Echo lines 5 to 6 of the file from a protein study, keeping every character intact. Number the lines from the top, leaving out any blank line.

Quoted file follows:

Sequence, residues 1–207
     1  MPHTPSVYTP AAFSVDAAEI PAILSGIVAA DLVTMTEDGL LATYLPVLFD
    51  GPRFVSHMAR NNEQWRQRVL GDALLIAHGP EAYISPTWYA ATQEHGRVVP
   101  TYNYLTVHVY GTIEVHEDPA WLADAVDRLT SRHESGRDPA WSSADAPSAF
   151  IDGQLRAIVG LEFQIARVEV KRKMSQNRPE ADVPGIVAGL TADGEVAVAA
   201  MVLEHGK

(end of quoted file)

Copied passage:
   151  IDGQLRAIVG LEFQIARVEV KRKMSQNRPE ADVPGIVAGL TADGEVAVAA
   201  MVLEHGK